I began partying hard. At 19 going on 20, I was getting falling-down, black-out, embarrass-the-hell-out-of-myself drunk - as often as I could. I recently reconnected with an old friend from that time and she brought up an incident that I remember well - mostly - but saw differently, then. She was having a party at her house. There were a ton of people there. I was on the edge of being black-out drunk, so I don't remember saying this, but apparently, I held up the bottle I was drinking out of and declared, "Maybe I'll just kill myself with this." My friend scrambled and started hiding the remaining alcohol. I remember this part and thought they just didn't want to share. No, they were afraid that I was serious (good call) and didn't really know what else to do. Actually, it is only the grace and mercy of God that I did not succeed, on a couple of occasions.

It was about this time that my dad decided to leave. Now, I wonder what took him so long. At the time, however, I was relieved. Mom always told me that she tried to talk him out of it - that she offered to get marriage counseling - she believed they could make it work. I recently asked my dad about this. He said that he went and sat on the chair and she sat there filing her nails while he tearfully told her he couldn't take it anymore and was leaving. He said she never fought him and made no offer for counseling, etc. Just another in a long list of lies that are beginning to come to light. Before he made this decision, though, he confronted me and asked me if mom was having an affair. I was shocked at the idea - thought he was nuts. And he was way out of bounds to confront me - their daughter - about it.

He walked away and left my sister and me with her. I was 19 and my sister was 13 when he left. I never missed him (just being honest), but my sister was hit hard. He had been closer to her - done things with her. Now, my sister started going out of control, too. She had no supervision. I would go into details, but. . . well, this one thing, she was dating a 32 year old man at the age of 14. And mom allowed it. She ended up getting expelled from high school and was sent to live with dad. That was the best thing for her at the time - considering the choices. This, however, left me living with mom alone. This is when the heavy guilt tripping began. This is when she began using suicide as a threat to get sympathy. This is when I would sometimes almost run to get away from the darkness inside that house. 

A few months before my sister left, I was in an accident in which I broke my back - lots of bills, hospital stay - rehab. The night it happened, my mom was at work and decided to finish her shift before coming to the hospital. Before you think that she didn't realize what had happened, know that she was informed in detail. She unleashed a reign of terror on the hospital staff, but that's another story. ;-)

About a year after this, she lost the house - couldn't keep up the payments (why that happened is a whole other post). She moved in with her parents and I saw an opportunity to get away. A friend offered to rent me a room in the house he just bought. I jumped at it. At 24 years old, for the first time I was not living with family.

This guy had some serious mental issues of his own. Living there was an interesting adventure, to say the least. Fighting with our other roommate, etc. During this time, my mom became seriously depressed - think what it would do to a narcissist's image of themselves to have to move back in with their parents, whom they do not like (and the feeling was mutual, I have since discovered). She lived an hour's drive away and would come up often and began telling me how much she needed me - no one else understood her. That winter, my own mental state deteriorated drastically. I was not doing well. Along came Christmas, and something happened that I only recently realized (duh) was connected to what happened shortly after.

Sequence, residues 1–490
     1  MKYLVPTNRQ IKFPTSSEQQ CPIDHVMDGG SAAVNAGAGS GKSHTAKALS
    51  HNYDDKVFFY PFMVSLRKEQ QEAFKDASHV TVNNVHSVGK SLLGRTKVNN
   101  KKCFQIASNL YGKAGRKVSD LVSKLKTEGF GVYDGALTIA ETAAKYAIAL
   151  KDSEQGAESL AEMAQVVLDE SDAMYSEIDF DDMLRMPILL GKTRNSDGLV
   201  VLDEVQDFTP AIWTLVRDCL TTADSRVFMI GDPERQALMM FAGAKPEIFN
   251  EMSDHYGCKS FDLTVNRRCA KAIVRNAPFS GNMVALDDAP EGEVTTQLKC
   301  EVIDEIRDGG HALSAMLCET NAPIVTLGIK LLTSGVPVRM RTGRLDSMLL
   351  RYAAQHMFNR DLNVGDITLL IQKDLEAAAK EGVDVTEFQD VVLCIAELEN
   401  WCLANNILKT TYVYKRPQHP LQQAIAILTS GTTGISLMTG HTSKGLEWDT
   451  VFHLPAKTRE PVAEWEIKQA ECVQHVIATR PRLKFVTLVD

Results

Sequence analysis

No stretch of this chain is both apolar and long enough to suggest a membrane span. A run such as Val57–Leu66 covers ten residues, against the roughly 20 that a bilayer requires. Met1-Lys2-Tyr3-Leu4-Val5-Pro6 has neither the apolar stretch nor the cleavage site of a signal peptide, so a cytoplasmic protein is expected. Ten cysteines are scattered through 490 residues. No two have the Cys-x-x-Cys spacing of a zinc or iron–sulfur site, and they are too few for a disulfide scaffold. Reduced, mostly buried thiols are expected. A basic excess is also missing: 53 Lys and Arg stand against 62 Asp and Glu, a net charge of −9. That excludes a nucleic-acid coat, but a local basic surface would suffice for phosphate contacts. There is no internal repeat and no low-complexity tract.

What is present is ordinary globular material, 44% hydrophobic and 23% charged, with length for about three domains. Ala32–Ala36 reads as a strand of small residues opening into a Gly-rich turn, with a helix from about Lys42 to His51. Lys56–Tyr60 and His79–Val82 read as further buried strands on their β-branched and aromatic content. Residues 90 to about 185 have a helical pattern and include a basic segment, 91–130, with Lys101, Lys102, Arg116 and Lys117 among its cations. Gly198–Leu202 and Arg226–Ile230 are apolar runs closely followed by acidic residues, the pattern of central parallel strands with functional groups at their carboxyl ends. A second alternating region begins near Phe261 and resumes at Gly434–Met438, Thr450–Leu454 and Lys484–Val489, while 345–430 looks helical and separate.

The relative that had molested me came home for Christmas. He had moved thousands of miles away about 10 years prior to this. I had not seen him nor spoken to him since I was 15. This stirred up some anger and some fear and a lot of pain. I still didn't connect the dots. (Hey, hindsight is great - living it is another thing!) Two weeks later, I couldn't take the pain anymore and took a bottle of pills and went to bed. Again, God's mercy. He was there. In the midst of slipping into the darkness, I told Him I was sorry and He was right there with peace. I woke up 24 hours later, scared and a little disappointed.

This pushed me into getting counseling - the best friend I had at the time said, "Get some help or quit coming over. You're scaring my kids." I called and got a counselor. She wasn't great - but I saw her for 2 years. The first session, I finally spoke the words. I was molested. The box in the cellar was open - it wasn't up out of the cellar, but it was open. Awareness was surfacing.


krl said...

What I relate to is what I call 'randomness of the fallout'. Was it possible to 'connect the dots'....? What I read is as jumbled a life as I have lived. When I was depressed, I couldn't pin it...oh, I could focus on any one thing....but it was like the Tsunami would hit me...and I knew it was more than just any one thing. My life wasn't wasn't connected. The 'bad' things I did just didn't add up. Nothing unfolded in a 'normal' way. My life seemed to go from shit to shit....always a drama...or a series of dramas....and I was trying to 'do the right thing'! Wondering how 'muddled' it seemed to you. It seems I was too emotional about one thing....and surprisingly numb over something else. Never could make heads or tails of it.

BTW. I was a 'late bloomer' to the world of alcohol. Never partied until my kids left home. Married a drinker and partied for about 8 years. I've been sober for two years this month......and actually, my sobriety had more to do with committing to Truth than it did to not drinking. After beginning a 12 step program, it became evident to me that I could not face the Truth about my life unless I quit drinking. From there, a renewed spirituality, divorcing an abusive man, going NC with my Nmom etc.

Lots to think about. Thank you for your courage to share. Please continue.

Katherine Gunn said...


"Wondering how 'muddled' it seemed to you. It seems I was too emotional about one thing....and surprisingly numb over something else. Never could make heads or tails of it."

I spent a lot of time feeling confused and guilty about getting angry of 'some little thing,' then not seeming to have any emotion at all over something that should have been emotional. Too emotional one minute, numb the next. I think the anger trying to come out - anger at the injustice is the 'too emotional' part. Then the reaction to emotion that we get causes us to shut the emotions down - go numb. By the way . . . who got to decide if we were being 'too emotional?' ;-)

This has made me think a lot, too - look at things more honestly. Ugh. :-)

You're welcome. I'm glad my story is helping.